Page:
A Man Renovating His Home Discovered a Massive Underground City*
Sep12A Man Renovating His Home Discovered a Massive Underground City*
In 1963, a man in the Nevşehir Province of Turkey knocked down a wall of his home. Behind it, he discovered a mysterious room and soon discovered an intricate tunnel system with additional cave-like rooms. What he had discovered was the ancient Derinkuyu underground city in Turkey.
The elaborate subterranean network included discrete entrances, ventilation shafts, wells, and connecting passageways. It was one of dozens of underground cities carved from the rock in Cappadocia thousands of years ago. It remained hidden for centuries.
The underground city at Derinkuyu is neither the largest nor oldest, but its 18 stories
make it the deepest…
It had access to fresh flowing water — the wells were not connected with the surface to prevent poisoning by crafty land dwellers. It also has individual quarters, shops, communal rooms, tombs, arsenals, livestock, and escape routes. There’s even a school, complete with a study room.
And to think all this was discovered because someone decided their home needed some “updating”.Source*
Over 200 underground cities at least two levels deep have been discovered in the area between Kayseri and Nevsehir, with around 40 of those having at least three levels. The cities at Derinkuyu and Kaymaklı are two of the best examples of underground dwellings.
The massive circular doors – These circular doors are visible at all the local underground sites. They were rolled across the passages and sealed the citadels from the inside. At Derinkuyu each level could also be sealed individually.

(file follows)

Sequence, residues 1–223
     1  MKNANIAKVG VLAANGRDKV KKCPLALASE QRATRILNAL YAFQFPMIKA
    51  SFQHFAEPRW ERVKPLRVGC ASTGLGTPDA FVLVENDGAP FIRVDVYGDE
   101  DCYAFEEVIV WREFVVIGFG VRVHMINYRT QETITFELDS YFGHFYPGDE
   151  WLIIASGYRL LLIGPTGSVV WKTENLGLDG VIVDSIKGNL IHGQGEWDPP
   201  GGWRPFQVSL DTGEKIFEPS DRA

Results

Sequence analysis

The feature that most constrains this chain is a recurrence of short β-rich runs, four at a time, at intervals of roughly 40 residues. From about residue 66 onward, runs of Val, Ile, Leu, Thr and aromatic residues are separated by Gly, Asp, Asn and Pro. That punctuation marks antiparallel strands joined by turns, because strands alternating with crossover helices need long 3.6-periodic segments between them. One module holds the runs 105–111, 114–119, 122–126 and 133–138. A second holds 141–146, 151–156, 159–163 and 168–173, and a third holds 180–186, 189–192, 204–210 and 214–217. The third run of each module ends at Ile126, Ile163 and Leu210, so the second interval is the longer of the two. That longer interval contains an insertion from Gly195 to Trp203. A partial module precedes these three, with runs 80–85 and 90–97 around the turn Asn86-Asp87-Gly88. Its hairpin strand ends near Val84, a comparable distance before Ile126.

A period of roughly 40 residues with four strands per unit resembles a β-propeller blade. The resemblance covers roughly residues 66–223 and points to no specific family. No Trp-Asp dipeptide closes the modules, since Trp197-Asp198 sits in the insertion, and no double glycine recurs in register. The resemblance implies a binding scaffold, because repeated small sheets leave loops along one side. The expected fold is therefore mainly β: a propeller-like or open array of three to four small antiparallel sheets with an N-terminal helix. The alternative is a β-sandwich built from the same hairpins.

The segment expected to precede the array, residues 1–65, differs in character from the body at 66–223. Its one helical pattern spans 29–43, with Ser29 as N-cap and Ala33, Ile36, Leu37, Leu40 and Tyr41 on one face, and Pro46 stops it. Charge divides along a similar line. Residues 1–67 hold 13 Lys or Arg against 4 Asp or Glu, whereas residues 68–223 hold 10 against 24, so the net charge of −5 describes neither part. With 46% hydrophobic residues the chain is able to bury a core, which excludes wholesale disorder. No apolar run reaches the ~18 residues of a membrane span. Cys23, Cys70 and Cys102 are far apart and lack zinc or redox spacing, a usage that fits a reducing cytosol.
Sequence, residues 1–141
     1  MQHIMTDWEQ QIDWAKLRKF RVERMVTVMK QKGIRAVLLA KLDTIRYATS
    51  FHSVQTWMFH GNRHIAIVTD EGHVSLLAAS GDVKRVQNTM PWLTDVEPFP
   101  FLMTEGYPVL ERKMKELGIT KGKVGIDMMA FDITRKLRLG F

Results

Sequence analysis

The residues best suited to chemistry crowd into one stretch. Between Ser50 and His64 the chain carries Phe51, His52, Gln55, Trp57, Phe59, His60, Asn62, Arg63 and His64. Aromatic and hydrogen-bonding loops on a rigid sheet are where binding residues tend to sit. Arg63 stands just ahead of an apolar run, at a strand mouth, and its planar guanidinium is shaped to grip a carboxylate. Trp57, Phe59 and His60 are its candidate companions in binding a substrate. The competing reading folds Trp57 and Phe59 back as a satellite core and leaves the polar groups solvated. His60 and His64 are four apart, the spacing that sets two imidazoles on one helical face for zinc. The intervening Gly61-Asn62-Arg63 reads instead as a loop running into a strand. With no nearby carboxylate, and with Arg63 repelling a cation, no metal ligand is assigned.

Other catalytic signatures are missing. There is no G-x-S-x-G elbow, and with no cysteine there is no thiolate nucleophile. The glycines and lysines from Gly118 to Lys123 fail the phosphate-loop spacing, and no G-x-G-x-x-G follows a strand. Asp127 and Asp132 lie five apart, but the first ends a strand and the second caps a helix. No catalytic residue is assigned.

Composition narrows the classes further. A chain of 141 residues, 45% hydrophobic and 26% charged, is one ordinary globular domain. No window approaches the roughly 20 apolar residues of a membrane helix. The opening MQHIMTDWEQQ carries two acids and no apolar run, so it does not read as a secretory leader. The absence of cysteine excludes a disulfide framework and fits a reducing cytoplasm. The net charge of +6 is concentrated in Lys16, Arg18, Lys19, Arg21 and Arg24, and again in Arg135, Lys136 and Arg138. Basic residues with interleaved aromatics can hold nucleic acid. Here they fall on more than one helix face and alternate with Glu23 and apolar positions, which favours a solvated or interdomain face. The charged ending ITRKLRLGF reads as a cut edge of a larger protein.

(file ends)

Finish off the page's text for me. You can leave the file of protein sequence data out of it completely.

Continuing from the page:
Since you cannot carbonate stone, it is hard to date the age of Derinkuyu Underground City.
The city could accommodate between approximately 30,000 people and had all the usual amenities found in other underground complexes across Cappadocia, such as wine and oil presses, stables, cellars, storage rooms, refectories, and chapels. Between the third and fourth levels is a vertical staircase. This passage way leads to a cruciform church on the lowest level.
Unique to the Derinkuyu complex, and located on the second floor, is a spacious room with a barrel vaulted ceiling. It has been reported that this room was used as a religious school and the rooms to the left were studies.
First built in the soft volcanic rock of the Cappadocia region, possibly by the Phrygians in the 8th – 7th centuries B.C according to the Turkish Department of Culture, the underground city at Derinkuyu may have been enlarged in the Byzantine era. The city was connected with other underground cities through miles of tunnels.
To this day, no one is certain how it was created and what its original purpose was.Source*Related Topics:
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